Highly efficient ZnO photocatalytic foam reactors for micropollutant degradation

Thais Tasso Guaraldo, Reza Vakili, Jannis Wenk, Davide Mattia

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18 Citations (SciVal)
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The efficient removal of organic micropollutants, pharmaceuticals, pesticides, drugs, and others, remains an unsolved challenge in water treatment. Although photocatalysis has proven highly effective at degrading these substances, its large-scale implementation has been so far hampered by technical and economic concerns. This work describes the development and characterization of novel highly efficient, self-supporting photocatalytic ZnO foams for the degradation of organic micropollutants. A systematic investigation of flow rate, catalyst length and stability under both recirculating and single-pass conditions was conducted using carbamazepine as a UV-recalcitrant model pollutant. Under recirculation, 95 % degradation was achieved with photocatalyst quantum yield of 1.2 × 10−3 and electrical energy per order (EEO) as low as 24 kWh m−3, values outperforming current technology, slurry and immobilised systems. For single-pass tests, complete degradation was achieved in 30 min, with the quantum yield increasing to 6.3 × 10−3, and an EEO of 36 kWh m−3. These values also outperform those for slurries, immobilised and other foam photocatalyst reported in the literature under similar conditions. The low energy consumption of these newly developed photocatalytic foams, combined with their high quantum yield and stability, provides a realistic path towards practical implementation of photocatalytic processes in water treatment, addressing the limitations of existing slurry and immobilised photocatalytic technology.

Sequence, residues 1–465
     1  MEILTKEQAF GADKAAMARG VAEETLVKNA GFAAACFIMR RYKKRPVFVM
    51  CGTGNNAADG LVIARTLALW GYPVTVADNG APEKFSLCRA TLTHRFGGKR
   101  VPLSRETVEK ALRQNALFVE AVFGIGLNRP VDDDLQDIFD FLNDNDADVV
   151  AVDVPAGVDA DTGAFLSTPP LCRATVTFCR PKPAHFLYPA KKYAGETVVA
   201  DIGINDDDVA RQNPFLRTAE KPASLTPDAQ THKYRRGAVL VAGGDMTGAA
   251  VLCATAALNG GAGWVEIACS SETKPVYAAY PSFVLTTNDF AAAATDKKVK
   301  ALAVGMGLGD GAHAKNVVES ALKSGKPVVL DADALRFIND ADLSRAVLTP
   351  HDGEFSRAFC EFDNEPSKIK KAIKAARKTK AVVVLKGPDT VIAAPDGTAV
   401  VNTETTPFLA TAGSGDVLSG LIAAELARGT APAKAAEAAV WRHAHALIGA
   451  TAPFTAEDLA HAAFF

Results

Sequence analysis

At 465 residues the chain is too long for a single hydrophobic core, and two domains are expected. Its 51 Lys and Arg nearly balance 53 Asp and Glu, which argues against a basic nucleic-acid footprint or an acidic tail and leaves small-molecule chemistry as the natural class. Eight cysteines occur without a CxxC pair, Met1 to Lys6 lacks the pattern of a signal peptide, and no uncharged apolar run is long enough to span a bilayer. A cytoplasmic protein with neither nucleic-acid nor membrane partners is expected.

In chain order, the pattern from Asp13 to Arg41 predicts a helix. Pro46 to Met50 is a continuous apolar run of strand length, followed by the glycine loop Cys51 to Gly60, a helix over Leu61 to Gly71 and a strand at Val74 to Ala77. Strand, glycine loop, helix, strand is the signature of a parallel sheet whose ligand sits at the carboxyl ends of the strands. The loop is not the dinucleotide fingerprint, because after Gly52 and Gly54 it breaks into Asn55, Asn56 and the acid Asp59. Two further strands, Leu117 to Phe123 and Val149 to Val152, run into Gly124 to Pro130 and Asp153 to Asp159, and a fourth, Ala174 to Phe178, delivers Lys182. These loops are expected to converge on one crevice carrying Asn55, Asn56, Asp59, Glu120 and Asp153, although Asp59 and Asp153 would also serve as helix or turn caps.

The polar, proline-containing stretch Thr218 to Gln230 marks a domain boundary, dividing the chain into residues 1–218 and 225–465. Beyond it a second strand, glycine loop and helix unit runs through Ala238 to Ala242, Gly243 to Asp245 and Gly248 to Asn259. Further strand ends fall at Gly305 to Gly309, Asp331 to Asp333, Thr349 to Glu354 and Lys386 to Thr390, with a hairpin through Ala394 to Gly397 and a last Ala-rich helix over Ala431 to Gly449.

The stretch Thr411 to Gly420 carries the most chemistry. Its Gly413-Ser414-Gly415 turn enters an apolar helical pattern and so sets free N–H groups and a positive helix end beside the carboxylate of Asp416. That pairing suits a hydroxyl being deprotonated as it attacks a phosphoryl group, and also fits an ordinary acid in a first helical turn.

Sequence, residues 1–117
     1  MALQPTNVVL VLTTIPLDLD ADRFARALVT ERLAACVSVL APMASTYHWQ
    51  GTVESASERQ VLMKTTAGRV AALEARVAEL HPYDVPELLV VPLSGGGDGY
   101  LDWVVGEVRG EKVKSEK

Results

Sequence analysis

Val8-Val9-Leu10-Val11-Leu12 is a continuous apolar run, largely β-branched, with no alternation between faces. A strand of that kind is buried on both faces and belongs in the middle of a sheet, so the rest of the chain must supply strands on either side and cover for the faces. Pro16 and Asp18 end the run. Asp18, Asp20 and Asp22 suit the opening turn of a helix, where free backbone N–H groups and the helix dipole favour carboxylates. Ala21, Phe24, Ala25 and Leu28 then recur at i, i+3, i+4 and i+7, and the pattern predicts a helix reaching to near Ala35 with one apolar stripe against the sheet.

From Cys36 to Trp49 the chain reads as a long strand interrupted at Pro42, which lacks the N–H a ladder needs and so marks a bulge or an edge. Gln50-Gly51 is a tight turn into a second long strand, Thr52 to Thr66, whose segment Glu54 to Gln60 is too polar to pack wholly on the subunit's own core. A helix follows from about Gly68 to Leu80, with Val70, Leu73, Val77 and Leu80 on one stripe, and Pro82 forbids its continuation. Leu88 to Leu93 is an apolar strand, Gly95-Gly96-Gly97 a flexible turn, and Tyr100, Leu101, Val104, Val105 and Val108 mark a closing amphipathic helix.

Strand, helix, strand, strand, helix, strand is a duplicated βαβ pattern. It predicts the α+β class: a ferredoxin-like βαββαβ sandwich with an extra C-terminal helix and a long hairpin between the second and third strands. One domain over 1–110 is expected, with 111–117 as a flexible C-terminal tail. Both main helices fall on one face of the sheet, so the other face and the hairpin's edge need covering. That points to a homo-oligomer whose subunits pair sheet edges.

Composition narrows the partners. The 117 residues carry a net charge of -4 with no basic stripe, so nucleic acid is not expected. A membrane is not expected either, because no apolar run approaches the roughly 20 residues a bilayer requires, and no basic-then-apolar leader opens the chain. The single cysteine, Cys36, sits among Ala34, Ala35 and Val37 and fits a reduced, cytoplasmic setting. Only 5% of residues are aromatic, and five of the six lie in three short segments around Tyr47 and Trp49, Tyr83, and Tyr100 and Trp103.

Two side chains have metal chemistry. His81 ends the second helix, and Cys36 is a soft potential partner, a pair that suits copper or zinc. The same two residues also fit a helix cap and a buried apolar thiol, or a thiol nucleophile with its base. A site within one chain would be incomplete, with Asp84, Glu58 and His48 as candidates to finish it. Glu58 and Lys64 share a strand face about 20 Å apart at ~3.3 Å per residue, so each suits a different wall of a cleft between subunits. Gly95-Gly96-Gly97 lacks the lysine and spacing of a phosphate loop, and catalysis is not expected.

Original languageEnglish
Article number140784
JournalChemical Engineering Journal
Early online date5 Dec 2022
Publication statusPublished - 1 Jan 2023

Bibliographical note


Funding Information:
The authors are grateful for EPSRC for funding support (Grant No. EP/P031382/1). The authors acknowledge the Material and Chemical Characterisation Facility (MC2) at the University of Bath. We are also grateful to Mr. Paul Frith for the technical support on the reactor design. The authors acknowledge James Andy Milton and the National Oceanography Centre Southampton at the University of Southampton for the Inductively Coupled Plasma Mass Spectrometry (ICP-MS) analysis. The authors acknowledge Dr. Daniel F. Segura for artwork support. All data produced during this research are available from the University of Bath open access data archive at (doi: 10.15125/BATH-01116).


  • Energy efficiency
  • Photocatalysis
  • Photocatalytic foams
  • Recirculation reactor
  • Single pass reactor

ASJC Scopus subject areas

  • Chemistry(all)
  • Environmental Chemistry
  • Chemical Engineering(all)
  • Industrial and Manufacturing Engineering


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